Summary: Key Words in the Christian Life - Reconciliation

Key Words in the Christian Life - Reconciliation

Reading: 2 Corinthians chapter 5 verses 17-21.

• One New Year’s Eve at London’s Garrick Club:

• British dramatist Frederick Lonsdale;

• Was asked by Symour Hicks to be reconciled with a fellow member.

• The two had quarrelled in the past and never restored their friendship.

Hicks said to Lonsdale.

“You must get reconciled, it is very unkind to be unfriendly at such a time. Go over now and wish him a happy New Year.”

• So Lonsdale crossed the room and spoke to his enemy.

• “I wish you a happy New Year,” he said, “but only one.”

The Christian gospel is about reconciliation:

• The death of Jesus built bridges across apparently unbridgeable gaps.

• Between a holy God and sinful people.

• To change the image, Paul in the book of Ephesians put it this way;

• It knocked down dividing walls between Jews and Gentiles.

In Colossians chapter 1 and Romans chapter 8 the teaching is even bolder:

• We are told that Christ’s death brings together ‘all things’ previously fragmented.

• Even nature itself will be redeemed!

(a). A Definition.

Question: What is reconciliation?


• The word reconcile is a key word in the New Testament:

• And a more familiar word that others we have used.

• In Regeneration – the spiritually dead are given new life.

• In Justification - the guilty are declared righteous.

• In adoption - strangers are made sons.

• In Redemption - slaves have been set free.

• In Imputation - our debt is paid and forgotten.

• In Reconciliation - enemies become friends.


The word: Reconcile (apokatallaso) means:

“To totally, thoroughly, and completely change one’s state and standing

from enmity to friendship”.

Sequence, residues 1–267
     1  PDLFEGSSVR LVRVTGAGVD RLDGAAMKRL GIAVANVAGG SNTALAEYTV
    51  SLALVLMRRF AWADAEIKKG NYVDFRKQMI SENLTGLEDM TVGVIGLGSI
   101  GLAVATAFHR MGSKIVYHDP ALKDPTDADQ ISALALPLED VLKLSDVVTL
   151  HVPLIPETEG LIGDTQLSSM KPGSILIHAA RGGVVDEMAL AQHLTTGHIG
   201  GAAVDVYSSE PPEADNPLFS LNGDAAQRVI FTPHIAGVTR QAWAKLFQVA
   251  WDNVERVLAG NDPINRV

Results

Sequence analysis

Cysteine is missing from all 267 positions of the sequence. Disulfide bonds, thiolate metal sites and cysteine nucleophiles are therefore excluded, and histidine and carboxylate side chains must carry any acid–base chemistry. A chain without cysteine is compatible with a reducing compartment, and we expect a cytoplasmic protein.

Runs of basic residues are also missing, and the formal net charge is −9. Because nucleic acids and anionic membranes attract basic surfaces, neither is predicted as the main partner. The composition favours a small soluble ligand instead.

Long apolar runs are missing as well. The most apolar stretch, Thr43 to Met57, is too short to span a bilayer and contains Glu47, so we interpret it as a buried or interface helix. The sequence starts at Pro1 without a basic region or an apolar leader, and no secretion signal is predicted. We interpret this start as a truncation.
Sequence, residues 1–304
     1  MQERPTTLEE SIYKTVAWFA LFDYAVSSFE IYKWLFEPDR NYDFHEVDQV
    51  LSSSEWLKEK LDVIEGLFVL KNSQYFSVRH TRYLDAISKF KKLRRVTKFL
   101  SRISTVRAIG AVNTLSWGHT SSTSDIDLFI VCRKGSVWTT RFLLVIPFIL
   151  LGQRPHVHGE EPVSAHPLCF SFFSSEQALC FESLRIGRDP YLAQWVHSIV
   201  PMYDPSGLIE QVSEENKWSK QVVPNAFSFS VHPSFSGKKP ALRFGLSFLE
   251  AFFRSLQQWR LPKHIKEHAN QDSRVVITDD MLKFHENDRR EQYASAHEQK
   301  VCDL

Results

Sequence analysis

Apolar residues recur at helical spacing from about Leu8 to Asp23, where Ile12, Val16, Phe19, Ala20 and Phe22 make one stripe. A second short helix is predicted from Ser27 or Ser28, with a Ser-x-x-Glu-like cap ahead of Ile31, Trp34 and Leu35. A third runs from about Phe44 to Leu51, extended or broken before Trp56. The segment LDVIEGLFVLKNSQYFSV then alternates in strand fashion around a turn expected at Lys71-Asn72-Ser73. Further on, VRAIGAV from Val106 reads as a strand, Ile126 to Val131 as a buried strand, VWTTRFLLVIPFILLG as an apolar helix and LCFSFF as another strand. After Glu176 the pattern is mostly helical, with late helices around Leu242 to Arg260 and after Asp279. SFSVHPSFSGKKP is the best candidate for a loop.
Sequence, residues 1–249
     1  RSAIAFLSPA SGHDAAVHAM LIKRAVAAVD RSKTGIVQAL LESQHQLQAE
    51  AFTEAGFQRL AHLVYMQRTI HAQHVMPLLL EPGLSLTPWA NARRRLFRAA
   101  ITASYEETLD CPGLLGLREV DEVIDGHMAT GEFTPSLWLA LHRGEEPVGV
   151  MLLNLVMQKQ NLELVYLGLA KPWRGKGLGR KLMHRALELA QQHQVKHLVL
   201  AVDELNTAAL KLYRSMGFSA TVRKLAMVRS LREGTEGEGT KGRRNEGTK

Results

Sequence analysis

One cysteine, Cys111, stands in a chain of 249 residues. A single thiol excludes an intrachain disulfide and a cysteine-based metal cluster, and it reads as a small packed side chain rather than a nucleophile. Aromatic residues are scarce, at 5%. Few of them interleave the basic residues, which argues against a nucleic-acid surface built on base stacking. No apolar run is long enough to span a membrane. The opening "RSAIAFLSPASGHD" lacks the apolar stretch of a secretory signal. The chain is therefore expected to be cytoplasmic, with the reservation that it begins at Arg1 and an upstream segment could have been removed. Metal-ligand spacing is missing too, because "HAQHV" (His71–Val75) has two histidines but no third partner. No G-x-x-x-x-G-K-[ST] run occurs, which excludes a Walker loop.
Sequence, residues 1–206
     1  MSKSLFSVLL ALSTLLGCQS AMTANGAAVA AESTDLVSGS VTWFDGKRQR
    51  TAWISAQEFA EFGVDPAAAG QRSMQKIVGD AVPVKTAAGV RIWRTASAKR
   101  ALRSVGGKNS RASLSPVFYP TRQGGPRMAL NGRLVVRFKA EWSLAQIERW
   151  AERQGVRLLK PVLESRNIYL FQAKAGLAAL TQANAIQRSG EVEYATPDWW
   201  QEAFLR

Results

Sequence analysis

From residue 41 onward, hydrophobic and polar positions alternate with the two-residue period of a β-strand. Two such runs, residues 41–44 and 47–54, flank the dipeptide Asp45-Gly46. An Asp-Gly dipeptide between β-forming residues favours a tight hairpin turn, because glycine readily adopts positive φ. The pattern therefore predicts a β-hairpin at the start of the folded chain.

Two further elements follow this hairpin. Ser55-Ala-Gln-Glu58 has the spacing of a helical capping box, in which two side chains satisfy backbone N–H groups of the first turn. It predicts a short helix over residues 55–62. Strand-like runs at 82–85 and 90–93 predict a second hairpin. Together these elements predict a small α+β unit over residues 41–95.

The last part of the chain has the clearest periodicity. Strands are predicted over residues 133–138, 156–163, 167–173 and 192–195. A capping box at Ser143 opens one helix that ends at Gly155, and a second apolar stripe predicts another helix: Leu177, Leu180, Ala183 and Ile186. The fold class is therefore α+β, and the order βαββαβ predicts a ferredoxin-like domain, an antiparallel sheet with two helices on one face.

• In St Patrick's Cathedral in Dublin;

• Stands what is known as the "Door of Reconciliation".

• Back in 1492 this door was all that separated two feuding Irish families;

• As the Butlers of Ormon? sought sanctuary horn the Fitzgeralds of Kildare.

• Realizing that the fighting had been getting out of control,

• Gerald Fitzgerald pleaded with "Black James" Butler to accept a truce.

• But suspecting treachery,

• Black James refused to open the door.

• In response Gerald proceeded to hack a hole in the door;

• And then thrust his arm through as a pledge of his goodwill.

• It was a daring gesture as Gerald risked his arm being hacked off,

• Instead Butler took his hand and peace was restored.

• The door was opened and the feuding families were reconciled.

• From that incident comes the expression; ‘To chance your arm’.

• These two families went from “enmity to friendship”.

• Their relationship was changed and transformed.


Reconciliation is a changing for the better;

• A relationship between two or more persons.

• Ill: Two family members who refuse to speak to each other.

• Ill: Pay settlement between employers and workers.

• Theologically it refers to;

• The change of relationship between God and man.


• The very first books shows us a picture of perfect harmony;

• Everything is in agreement.

• Heaven and earth, God and man, man & woman, human beings and animals;

• All working together in joyful cooperation.

But in chapter 3 of the book of Genesis that all changes:

• Sin enters into the picture and the results are tragic;

• We read of division, dissention, death and separation.

• Man is separated from God.

• Man runs from God and hides.

• And then in chapter 4 we read about man being separated from man;

• With brother killing brother.

• That situation continues to get worse and worse ‘evil all of the time’);

• So much so that in chapter 6 ‘God was grieved that he had made man’.

• In chapter 11 we read about the separation of races and nations;

• As Genesis continues to records the awful consequences of sin.

• One phrase that could be written over the book of Genesis from chapter 3 onwards is;

• The great need is for reconciliation, and that is what the Lord Jesus Christ has done!

Reading: Colossians chapter 1 verses 15-23:

(A)> The apostle Paul tells us who Jesus is:

Four truths about Jesus Christ in this section:

(1) Saviour (verse 13-14).

12giving thanks to the Father, who has qualified you to share in the inheritance of the saints in the kingdom of light.

13For he has rescued us from the dominion of darkness and BROUGHT us into the kingdom of the Son he loves, 14in whom we have redemption, the forgiveness of sins.

We are a transferred people.

• The Greek word translated “Brought over” or “translated” or “transferred”.

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